I did not expect, on this cold yet sunny day, to be writing a response to the Archbishop of Canterbury; but upon opening my copy of today’s Mail on Sunday, my eyes were met with the headline “Archbishop: Britain split and crushed by Brexit and austerity”. The Archbishop, it appears, feels as though his job entails the same tasks as that of a political commentator. Given that the Archbishop insists upon interjecting in the lives of the non-religious, I feel that it is only fair for me to give “The Most Reverend” a piece of my own mind in return. Given his Christian nature, I am sure he will forgive me for doing so.
The Archbishop’s article begins by claiming that “we are facing our biggest challenge and shake-up to society since the Second World War”. One of the reasons for this, he believes, is the imminent arrival of the United Kingdom’s exit from the European Union (or “Brexit”, to use that ugly term). The Archbishop says that he is neither “Eeyorish” nor “blandly optimistic” about Britain’s post-Brexit future, and appears to focus on the rocky social climate surrounding Brexit rather than the negotiations or possible implications to the economy. Of course, Archbishop, the first thing the conflicts surrounding Brexit needs is the running commentary of the Church (I hope the reader can sense my sarcasm).
However, all was not bad in his public address. I shall give the Archbishop credit where credit is due, despite my disapproval of his interjection as an official man of the cloth. He expressed his concerns with growing inequality, and his words on the tragedy that struck Grenfell Tower, which he described as “a metaphor for our collective failings, shows us that that we need a moral revolution in housing that centres on people”, were rather moving. He was also right to point out that austerity “is crushing the weak, the sick and many others”. Those words will resonate with a large proportion of the general public. The Archbishop, however, made the age-old mistake of commenting on politics whilst trying to remain apolitical. His written piece was quite clearly an attack on the Conservative Party, but it appears that the Archbishop knows he can only push his luck so far in the realm of politics.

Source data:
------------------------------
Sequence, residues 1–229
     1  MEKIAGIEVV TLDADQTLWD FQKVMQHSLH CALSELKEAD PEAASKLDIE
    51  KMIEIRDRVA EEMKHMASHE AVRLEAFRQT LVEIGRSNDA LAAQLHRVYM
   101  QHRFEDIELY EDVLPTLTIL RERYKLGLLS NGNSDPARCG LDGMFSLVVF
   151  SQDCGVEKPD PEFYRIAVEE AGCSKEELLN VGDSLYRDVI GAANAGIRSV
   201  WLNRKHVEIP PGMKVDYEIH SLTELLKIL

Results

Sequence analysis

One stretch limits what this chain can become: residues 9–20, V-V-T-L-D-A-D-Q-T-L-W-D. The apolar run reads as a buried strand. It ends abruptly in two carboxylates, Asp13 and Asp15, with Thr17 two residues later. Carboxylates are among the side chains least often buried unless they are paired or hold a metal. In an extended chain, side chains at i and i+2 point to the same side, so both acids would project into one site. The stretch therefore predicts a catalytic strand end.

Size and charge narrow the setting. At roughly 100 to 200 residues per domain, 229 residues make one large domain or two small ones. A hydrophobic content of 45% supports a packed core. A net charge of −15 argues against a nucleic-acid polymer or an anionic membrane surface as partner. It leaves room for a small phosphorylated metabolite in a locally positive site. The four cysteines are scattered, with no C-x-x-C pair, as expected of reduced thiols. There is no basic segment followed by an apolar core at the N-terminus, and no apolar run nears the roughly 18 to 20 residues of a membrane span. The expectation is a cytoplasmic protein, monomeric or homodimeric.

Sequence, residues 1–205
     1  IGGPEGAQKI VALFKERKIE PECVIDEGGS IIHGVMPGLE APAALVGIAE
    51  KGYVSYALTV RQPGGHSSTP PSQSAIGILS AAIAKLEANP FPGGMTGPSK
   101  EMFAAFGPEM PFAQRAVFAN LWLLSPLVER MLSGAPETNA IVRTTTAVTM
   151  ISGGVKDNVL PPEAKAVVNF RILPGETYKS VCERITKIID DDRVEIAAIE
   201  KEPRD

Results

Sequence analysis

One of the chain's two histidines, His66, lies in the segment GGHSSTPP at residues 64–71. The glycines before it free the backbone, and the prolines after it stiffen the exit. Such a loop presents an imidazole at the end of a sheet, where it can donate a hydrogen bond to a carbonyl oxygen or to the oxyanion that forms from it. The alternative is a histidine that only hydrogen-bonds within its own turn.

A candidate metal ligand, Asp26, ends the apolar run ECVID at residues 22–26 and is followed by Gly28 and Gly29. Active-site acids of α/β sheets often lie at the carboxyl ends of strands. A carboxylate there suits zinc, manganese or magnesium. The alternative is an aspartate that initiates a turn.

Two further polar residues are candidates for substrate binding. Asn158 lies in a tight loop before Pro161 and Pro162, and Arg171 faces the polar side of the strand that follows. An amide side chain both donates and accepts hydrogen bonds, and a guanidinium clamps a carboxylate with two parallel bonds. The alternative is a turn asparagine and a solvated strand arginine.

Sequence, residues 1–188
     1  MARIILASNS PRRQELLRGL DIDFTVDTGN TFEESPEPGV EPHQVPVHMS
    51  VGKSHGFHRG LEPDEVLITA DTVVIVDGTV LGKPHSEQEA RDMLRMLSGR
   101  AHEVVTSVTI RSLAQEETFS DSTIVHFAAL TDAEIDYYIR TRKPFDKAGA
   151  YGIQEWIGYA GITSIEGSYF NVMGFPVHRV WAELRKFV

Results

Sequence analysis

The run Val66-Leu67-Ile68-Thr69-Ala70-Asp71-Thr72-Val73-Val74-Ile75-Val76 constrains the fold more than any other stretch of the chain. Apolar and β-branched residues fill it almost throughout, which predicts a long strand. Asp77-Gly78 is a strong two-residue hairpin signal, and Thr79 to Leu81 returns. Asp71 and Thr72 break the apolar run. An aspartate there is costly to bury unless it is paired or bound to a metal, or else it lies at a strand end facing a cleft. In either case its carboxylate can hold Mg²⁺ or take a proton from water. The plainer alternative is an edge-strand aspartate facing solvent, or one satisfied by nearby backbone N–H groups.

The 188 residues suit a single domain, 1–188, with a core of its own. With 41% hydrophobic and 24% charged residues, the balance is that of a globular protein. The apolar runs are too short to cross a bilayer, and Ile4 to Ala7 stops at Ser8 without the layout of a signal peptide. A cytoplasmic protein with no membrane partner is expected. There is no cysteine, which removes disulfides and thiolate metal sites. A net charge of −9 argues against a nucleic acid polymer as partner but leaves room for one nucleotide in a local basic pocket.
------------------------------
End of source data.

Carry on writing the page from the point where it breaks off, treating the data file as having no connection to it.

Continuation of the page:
The Archbishop finished his article with a flurry of Christianity (as one would perhaps expect from the Archbishop of Canterbury). His closing statement made it clear, at least according to him, that “it is the duty of the Church and of all us to reimagine what it means to be this remarkable nation in the 21st Century”. The Archbishop is correct to point out that Britain is “suffering from a lack of such common values”, as he was right to say the things he said about Grenfell. But the last thing this country needs is more interference in political matters from the Church (as an institution). Of course, Archbishop Welby is not the first of his line to stick his oar in clouded waters. Again, I shall give Archbishop Welby credit, and praise him for not going as far as his predecessor, Rowan Williams, who called for Sharia Law to be introduced in the United Kingdom for those who wanted it.
Despite the fact that I have many agreements with the Archbishop, we simply cannot have the Church constantly trying to put its foot in the door of politics. The Archbishop can vote as he pleases, he can favour whichever economic system he pleases, and he can be as nostalgic about the Christian days of old as he likes, but he cannot do so on his own terms; and his religious position should not, by any means, give him a national platform to comment on such issues. His opinion must remain an ordinary opinion. If Archbishop Welby wishes to influence government policy he shall have his opportunity at the polling station; he can go one step further, if he wishes, and abandon his Holy post and stand for Parliament. It must also be said that both the Mail and the Archbishop have, perhaps, overestimated the power of Welby’s position. Many people, based upon the reactions I have read online, have expressed concern at the political nature of the Archbishop’s public address, including some Christians who are in absolute agreement with him. Like many other people, my heart sinks when I see an “official” religious figure making political statements (especially when they are doing so in the national press!). Call me cynical, but before I had even read the Archbishop’s piece, I was ready to throw it into the fire of eternal damnation.